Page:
The greenback rallied toward a three-month high as traders mulled the possibility of higher-for-longer interest rates ahead of Federal Reserve Chair Jerome Powell’s speech at the Jackson Hole symposium on Friday.
(Bloomberg) — The greenback rallied toward a three-month high as traders mulled the possibility of higher-for-longer interest rates ahead of Federal Reserve Chair Jerome Powell’s speech at the Jackson Hole symposium on Friday.
The Bloomberg Dollar Spot Index climbed as much as 0.2% to the highest since early June as investors readied for cues from Powell on the Fed’s future steps to fight inflation and how they might be more hawkish than peers. The dollar gained against every G-10 currency, pushing the pound and the euro to 10-week lows.
“The US dollar has been benefiting in the near-term from heightened investor concerns over growth outside the US, especially in China and Europe,” said Lee Hardman, senior currency analyst at MUFG Bank. “The US economy is proving more resilient than expected so far this year.”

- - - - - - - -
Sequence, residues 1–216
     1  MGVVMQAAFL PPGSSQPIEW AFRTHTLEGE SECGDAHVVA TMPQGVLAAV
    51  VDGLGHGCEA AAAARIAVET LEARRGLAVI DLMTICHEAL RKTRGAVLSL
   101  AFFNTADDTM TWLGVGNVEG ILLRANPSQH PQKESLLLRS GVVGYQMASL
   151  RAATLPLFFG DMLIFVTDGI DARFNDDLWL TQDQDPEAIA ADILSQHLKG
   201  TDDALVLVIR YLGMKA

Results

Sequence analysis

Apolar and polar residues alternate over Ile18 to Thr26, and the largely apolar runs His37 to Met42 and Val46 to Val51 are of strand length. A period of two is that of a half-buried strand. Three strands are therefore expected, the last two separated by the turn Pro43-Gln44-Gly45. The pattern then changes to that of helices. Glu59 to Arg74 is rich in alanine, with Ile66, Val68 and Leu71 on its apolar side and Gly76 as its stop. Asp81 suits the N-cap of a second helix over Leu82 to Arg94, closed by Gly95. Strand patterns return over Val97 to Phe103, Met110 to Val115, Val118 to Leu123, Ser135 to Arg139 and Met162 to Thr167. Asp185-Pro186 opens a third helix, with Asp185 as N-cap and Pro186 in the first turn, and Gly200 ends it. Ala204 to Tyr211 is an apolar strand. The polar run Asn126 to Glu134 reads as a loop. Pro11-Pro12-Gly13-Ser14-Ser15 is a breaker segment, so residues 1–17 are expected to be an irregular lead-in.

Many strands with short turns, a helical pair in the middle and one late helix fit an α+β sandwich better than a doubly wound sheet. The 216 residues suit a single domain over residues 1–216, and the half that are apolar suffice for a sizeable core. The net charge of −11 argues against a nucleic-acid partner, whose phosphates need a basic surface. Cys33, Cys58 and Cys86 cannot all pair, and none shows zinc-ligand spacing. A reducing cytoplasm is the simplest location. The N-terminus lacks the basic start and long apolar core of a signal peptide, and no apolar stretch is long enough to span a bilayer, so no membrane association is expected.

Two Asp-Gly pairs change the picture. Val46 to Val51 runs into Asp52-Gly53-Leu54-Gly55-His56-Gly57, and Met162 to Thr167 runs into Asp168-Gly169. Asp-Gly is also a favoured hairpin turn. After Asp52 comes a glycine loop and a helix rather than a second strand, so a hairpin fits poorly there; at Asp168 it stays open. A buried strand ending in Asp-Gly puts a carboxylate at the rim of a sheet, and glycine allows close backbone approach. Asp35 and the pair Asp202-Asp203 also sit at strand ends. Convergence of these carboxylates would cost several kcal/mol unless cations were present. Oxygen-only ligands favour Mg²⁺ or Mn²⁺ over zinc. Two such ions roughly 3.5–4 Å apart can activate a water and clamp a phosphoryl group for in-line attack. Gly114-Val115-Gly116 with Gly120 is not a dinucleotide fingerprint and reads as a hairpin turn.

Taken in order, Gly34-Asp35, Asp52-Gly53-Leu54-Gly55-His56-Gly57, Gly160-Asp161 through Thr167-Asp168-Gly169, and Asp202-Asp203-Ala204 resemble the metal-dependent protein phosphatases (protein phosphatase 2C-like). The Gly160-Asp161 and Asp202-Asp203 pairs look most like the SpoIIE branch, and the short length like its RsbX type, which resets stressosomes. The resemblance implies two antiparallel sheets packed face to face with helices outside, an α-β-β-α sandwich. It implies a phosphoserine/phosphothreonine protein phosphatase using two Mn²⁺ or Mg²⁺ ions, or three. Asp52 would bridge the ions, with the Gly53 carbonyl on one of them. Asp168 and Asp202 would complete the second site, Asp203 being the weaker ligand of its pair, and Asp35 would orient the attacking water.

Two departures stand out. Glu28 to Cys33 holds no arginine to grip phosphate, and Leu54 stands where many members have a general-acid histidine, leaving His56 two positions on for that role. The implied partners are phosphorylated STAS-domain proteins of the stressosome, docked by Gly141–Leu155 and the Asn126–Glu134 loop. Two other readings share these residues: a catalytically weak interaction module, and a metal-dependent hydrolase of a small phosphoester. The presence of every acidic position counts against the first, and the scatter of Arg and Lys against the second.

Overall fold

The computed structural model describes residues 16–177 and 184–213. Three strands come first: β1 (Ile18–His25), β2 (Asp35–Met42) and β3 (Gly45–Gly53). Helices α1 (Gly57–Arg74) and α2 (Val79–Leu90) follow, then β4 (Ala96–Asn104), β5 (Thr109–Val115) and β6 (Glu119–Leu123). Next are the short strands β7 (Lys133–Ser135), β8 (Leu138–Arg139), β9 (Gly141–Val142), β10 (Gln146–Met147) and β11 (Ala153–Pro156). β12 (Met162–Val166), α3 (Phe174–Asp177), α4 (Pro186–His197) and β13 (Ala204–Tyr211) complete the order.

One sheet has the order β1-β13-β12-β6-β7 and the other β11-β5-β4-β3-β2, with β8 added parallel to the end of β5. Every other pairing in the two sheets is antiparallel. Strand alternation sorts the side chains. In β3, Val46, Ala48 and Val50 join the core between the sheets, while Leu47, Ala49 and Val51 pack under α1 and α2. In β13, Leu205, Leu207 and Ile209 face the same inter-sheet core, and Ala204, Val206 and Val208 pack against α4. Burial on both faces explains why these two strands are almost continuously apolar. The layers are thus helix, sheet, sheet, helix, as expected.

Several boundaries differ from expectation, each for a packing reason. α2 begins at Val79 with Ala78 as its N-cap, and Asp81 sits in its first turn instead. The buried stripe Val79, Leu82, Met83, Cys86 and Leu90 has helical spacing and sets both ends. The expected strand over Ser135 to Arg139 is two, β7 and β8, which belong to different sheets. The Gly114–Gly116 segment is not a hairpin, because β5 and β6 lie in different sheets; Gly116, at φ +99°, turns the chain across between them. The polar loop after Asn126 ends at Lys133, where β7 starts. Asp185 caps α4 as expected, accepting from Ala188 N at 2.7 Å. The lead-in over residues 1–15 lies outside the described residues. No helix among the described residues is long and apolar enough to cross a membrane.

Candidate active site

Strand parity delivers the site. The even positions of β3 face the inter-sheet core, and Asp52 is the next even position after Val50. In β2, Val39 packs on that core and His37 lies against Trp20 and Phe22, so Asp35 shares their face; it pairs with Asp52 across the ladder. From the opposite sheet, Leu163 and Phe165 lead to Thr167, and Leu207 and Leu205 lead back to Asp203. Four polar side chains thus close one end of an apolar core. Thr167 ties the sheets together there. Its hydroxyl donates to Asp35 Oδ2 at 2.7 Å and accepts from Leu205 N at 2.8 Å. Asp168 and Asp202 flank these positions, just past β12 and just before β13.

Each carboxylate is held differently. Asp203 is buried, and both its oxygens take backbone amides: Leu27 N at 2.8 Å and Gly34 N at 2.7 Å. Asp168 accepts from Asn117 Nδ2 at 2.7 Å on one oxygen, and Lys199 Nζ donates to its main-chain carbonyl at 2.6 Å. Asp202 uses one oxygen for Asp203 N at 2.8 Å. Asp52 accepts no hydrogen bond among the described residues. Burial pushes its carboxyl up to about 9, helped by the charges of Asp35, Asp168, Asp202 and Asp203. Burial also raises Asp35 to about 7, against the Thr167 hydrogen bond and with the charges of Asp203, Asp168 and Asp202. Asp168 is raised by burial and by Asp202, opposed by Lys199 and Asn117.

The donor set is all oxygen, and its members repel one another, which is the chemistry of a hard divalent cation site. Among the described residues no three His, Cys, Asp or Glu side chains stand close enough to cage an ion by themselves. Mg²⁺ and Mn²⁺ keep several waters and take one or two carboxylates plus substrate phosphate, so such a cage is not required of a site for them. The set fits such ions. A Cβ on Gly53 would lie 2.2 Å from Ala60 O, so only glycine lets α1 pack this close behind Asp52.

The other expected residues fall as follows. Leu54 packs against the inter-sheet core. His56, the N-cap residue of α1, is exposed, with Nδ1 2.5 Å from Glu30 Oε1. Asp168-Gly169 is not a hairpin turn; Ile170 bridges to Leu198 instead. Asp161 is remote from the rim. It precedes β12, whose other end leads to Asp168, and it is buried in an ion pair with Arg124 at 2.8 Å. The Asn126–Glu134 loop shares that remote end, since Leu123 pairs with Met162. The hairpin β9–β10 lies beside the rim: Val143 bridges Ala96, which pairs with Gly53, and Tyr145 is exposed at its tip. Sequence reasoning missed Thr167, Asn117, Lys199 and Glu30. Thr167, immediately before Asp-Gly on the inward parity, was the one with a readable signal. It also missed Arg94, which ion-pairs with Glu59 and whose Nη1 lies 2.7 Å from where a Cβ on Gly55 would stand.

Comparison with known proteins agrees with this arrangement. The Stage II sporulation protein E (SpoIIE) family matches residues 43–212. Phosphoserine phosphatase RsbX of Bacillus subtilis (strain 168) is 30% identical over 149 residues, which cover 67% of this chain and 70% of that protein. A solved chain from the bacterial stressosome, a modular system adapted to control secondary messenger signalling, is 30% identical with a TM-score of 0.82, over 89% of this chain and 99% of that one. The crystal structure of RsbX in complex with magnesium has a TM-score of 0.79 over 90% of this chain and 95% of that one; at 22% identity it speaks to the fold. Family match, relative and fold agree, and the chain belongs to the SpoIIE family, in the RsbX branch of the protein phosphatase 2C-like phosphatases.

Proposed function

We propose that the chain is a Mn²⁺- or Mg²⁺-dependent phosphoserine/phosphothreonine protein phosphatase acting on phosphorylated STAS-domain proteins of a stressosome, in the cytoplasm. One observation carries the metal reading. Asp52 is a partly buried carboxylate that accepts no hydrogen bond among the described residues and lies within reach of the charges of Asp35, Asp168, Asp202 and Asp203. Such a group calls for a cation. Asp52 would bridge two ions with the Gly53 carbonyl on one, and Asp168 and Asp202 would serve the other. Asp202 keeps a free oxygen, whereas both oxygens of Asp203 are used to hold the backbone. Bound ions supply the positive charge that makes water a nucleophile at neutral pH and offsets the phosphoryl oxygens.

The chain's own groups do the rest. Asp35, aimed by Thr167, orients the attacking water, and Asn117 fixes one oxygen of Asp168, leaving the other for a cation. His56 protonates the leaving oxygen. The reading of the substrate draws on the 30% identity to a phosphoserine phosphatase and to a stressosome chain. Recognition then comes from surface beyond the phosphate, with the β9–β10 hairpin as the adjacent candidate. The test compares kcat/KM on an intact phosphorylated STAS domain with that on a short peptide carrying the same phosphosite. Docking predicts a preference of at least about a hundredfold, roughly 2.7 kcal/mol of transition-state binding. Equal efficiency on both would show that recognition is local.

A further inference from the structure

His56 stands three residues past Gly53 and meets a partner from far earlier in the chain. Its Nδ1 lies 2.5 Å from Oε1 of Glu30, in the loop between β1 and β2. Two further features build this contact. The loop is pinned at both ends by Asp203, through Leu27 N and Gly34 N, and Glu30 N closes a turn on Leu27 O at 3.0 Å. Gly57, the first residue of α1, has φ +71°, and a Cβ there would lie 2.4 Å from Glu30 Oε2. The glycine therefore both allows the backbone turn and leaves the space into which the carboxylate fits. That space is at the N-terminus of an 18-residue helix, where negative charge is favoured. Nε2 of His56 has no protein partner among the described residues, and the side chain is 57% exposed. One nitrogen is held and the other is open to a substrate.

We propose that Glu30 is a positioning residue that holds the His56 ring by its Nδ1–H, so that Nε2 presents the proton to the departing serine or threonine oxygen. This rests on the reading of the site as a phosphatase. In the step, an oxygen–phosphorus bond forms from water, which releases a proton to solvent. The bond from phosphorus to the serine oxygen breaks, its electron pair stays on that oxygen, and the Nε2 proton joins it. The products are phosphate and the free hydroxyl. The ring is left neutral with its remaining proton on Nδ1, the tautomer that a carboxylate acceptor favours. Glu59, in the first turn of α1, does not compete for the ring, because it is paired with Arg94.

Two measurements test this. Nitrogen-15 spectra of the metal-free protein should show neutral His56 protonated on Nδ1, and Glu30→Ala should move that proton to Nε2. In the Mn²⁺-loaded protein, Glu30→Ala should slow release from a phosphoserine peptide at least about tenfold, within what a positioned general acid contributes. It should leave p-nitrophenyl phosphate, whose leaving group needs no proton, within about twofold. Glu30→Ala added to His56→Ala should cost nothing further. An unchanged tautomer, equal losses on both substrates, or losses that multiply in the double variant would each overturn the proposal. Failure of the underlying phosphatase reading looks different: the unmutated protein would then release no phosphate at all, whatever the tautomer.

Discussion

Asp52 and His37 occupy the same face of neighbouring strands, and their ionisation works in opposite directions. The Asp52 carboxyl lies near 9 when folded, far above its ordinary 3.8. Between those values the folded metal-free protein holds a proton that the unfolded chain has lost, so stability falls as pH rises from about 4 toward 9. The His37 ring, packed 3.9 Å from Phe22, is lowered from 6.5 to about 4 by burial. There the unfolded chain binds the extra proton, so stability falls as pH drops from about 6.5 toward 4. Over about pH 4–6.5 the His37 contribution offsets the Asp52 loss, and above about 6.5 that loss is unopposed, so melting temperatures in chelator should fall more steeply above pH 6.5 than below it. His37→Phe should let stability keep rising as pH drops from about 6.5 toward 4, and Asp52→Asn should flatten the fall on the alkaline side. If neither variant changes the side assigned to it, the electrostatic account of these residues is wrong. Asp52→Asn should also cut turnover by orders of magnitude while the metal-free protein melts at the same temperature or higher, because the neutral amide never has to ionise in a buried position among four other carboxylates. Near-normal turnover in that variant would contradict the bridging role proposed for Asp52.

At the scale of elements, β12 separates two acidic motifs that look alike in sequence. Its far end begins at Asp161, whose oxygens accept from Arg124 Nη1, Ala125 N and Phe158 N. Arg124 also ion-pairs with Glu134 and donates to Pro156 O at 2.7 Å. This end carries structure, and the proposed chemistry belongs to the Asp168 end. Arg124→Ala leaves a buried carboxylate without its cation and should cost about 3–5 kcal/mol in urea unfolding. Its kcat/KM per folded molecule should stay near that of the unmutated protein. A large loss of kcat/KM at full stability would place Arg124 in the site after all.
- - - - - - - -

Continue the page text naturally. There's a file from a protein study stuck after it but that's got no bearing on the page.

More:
Widely deemed to be running out of steam just a few months ago, a resurgent greenback underscores how investors are re-evaluating their US rates bets as the strength of the world’s biggest economy continues to defy expectations of a slowdown. Two Fed officials on Thursday signaled the central bank may be close to being done with rate hikes but one of them refrained from ruling out further increases until inflation is more clearly on a downtrend.
Kit Juckes, chief FX strategist at Societe Generale in London, expects the dollar to strengthen to $1.05 against the euro in the coming weeks as he says Powell is likely to stay hawkish when he delivers a speech today. In the longer term, the US growth picture may not be so strong as activity has been partly supported by expansive fiscal policy that may not be sustainable in the long run, he said.
“The outbreak of US forecasters’ optimism about the US economy set the scene for today’s Jackson Hole symposium,” said Juckes. “Higher for longer will be the mantra from the Fed Chair, pushing back against the rate cuts priced into the yield curve for next year.”
–With assistance from Dayana Mustak.
(Updates prices and adds analysts comments throughout.)
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